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THE CRISIS

Five colored postal clerks in Georgia are said to have been dismissed without trial.

Because substation No. 126 of the Brooklyn (N. Y.) postoffice had two colored carriers whom the people are said to have complained about, the station has been discontinued. That station was in charge of a Southern Democrat, H. P. Hill.

Two policemen and three plain-clothes men are stationed near the house of Charles Shipley, a colored resident of 708 Madison Avenue, Baltimore. Shipley has received threatening letters signed: "Committee of Decent White Citizens Against Negro Invasion." One of the letters said that dynamite would be used by a member of the "Black Hand" society.

The colored people of Baltimore are preparing to fight segregation. At the last report they had raised $230 and were waiting for the Court of Appeals to give its detailed opinions before taking any definite steps.

The white residents of Baltimore County are now clamoring for the same segregation ordinance as has been passed for the city.

Representative John J. Rogers, from Massachusetts, has asked the House to investigate the alleged segregation of Negros in the government employ.

It is said that there is a movement on foot to assign white officers to the colored regiment of infantry in New York.

W. L. Delaney, the new collector of customs in Key West, Fla., has discharged the colored officeholders under him by either discontinuing or abolishing the offices which they held.

Frederick Anderson, a colored farmer, who lives near Richardson, Tex., was arrested by a constable and told that he was accused of two crimes and had better plead guilty to one, so as to be released from the other. What these crimes were was not specified. Anderson was fined $25 after three days' detention in jail, but says that he was not taken into a courtroom or before a justice of the peace. While he was imprisoned eight bales of cotton and fifteen loads of hay were taken from his farm. The case has been taken before the grand jury.

CRIME.

THE following lynchings have occurred during the past month:

At Hazlehurst, Miss., Wilson Evans, a young colored man, charged with attacking a white girl.

At Ocala, Fla., an unknown Negro found hanging from a tree. No other facts are known.

At Monroe, La., Warren Eaton, accused of making an insulting remark to a white woman.

At Madison, La., a Negro accused of assaulting a white girl.

One Negro was killed in a race riot in Joliet, Ill., caused by the attempts of a Negro to free a colored woman who was in prison.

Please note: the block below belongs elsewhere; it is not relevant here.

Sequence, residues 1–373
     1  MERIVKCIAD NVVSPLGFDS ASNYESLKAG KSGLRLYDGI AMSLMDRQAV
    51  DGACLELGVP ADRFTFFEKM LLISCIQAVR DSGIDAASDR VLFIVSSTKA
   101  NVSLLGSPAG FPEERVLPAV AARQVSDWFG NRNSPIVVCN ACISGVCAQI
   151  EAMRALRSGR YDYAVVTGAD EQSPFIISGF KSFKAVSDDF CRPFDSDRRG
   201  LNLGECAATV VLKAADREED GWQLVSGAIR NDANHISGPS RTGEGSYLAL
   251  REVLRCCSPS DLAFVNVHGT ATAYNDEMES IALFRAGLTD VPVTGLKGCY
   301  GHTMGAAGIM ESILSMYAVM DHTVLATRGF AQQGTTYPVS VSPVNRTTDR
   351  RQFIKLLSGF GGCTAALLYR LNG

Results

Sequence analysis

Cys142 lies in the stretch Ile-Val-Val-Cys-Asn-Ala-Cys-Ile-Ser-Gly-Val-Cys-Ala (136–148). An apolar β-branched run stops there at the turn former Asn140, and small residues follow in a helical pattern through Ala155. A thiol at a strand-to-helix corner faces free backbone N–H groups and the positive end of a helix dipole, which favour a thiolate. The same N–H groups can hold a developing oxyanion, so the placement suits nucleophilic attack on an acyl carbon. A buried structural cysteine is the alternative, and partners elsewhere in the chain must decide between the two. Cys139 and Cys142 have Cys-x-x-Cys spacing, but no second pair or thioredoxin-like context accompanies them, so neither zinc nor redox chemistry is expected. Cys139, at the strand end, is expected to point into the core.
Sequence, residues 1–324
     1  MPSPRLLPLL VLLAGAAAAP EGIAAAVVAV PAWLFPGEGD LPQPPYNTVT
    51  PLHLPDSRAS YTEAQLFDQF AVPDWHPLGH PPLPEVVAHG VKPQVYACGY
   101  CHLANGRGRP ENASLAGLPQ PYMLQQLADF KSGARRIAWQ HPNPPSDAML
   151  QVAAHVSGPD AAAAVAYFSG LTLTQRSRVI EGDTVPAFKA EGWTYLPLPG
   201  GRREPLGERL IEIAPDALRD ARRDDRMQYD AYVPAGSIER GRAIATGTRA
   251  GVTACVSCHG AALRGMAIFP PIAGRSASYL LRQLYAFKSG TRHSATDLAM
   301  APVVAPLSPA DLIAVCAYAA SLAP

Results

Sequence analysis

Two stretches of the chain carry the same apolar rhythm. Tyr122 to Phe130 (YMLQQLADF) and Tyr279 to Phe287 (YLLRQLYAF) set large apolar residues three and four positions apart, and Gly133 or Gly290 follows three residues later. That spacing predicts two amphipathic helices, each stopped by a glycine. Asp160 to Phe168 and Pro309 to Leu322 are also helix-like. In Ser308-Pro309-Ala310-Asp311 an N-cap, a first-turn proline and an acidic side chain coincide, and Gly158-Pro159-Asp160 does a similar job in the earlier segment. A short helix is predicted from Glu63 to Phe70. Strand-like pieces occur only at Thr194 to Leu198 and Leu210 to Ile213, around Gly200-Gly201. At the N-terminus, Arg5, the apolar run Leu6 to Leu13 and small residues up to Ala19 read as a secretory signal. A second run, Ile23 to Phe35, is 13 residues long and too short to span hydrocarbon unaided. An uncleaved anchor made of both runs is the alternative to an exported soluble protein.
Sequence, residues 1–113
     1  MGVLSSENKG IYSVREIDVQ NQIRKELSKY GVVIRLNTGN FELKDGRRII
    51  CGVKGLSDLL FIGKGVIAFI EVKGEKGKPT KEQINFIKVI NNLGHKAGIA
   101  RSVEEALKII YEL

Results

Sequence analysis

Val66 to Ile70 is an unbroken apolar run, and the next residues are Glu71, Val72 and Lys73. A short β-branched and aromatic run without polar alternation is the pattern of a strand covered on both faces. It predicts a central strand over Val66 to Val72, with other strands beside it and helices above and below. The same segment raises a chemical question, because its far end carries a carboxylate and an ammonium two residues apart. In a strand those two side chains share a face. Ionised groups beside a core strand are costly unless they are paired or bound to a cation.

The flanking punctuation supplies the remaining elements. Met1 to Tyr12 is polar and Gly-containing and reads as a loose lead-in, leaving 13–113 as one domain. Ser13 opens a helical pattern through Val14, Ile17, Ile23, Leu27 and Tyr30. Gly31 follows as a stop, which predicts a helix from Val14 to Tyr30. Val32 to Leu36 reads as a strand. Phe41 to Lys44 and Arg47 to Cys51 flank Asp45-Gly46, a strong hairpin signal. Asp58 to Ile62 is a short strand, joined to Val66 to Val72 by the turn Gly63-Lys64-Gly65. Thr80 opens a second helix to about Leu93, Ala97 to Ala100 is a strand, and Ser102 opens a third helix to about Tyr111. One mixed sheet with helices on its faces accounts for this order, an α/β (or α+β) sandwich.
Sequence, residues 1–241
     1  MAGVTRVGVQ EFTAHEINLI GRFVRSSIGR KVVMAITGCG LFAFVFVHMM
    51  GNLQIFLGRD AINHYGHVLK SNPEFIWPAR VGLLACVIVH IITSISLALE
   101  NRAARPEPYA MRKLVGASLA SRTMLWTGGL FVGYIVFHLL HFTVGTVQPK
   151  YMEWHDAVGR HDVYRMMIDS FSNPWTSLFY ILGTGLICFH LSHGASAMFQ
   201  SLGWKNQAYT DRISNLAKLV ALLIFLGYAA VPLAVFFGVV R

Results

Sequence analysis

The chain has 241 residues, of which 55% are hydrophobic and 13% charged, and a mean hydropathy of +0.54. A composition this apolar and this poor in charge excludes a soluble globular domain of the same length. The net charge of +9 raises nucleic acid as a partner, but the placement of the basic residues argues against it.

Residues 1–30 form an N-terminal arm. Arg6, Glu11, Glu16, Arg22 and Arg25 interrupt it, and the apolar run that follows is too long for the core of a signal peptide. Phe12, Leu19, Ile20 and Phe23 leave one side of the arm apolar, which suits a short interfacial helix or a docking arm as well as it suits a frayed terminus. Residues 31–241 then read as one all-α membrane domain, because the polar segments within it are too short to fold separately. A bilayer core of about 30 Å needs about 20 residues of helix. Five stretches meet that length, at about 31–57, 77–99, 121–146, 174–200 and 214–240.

Charles Myers, who is in prison in Jonesboro, Ark., under a death sentence, may be freed. The prosecuting witness, Malissa Johns, now says that Myers did not attack her, but that her injuries were caused by a fall, and the other witnesses also admit false testimony.

George Still, a white watchman on Mayo's bridge, Richmond, Va., who was charged with the murder of George Washington, an aged colored man, by a blow, has been acquitted.

Henry Williams, a colored man, was killed by two white officers in Laurenburg [[Laurinburg]], N. C., in a fray between the three men.

J. M. Wilker shot and mortally wounded a Negro in Memphis, who brushed up against him on the sidewalk.

Four men have been charged with night riding and posting threatening letters to Negroes in the vicinity of Jonesboro, Ark.

An unknown white man, with his face blackened like a Negro, robbed a woman in Tennessee, leaving her senseless. It happened in this case that some of the burnt cork rubbed off, giving the police a clue and preventing the lynching of an innocent Negro.

The colored citizens of El Centro, Cal., threaten  to withdraw their patronage from a "Jim Crow" school established in the redlight district of that city. This school is carried on in violation of the law, and Negroes cannot be forced to send their children there.





MEN OF THE MONTH
[[image - drawing of a sculture]]

FLORIDA BUSINESS MEN

OCALA, Fla., has 3,000 colored inhabitants, and there are 12,000 others in the surrounding county. This has offered a chance for industrial co-operation. There is a thriving sea-island cotton factory, considerable exporting of moss and velvet beans, while colored men have numerous stores and are supporting professional men.

Recently the Metropolitan Realty and Investment Company has been organized and has erected a $20,000 building. In this a bank with a capital of $25,000 has been located. The president of the company, George Giles, is a large holder of real estate. The vice-president, Joseph L. Wiley, is the founder of Fessenden Academy, and the cashier, F. P. Gadson is the owner of the largest dry-goods and notion store owned by a colored man in the United States. Other directors are Dr. Williams, a well-to-do physician, Messrs. A. S. Richardson, D. W. Goodwin, Charles Stewart, J. S. LaRoche, N. T. Brown and S. H. Hadley.

A PHYSICIAN

DR. EDWARD DUNN BROWN was born in Newbern N.C., May 27, 1877 and died this spring in Chicago. He was educated at the University of Pennsylvania,

[[[image - photograph of a bank building]]
[[caption]] BANK OF THE METROPOLITAN REALTY AND INVESTMENT CO. OCALA, FLA. [[/caption]]

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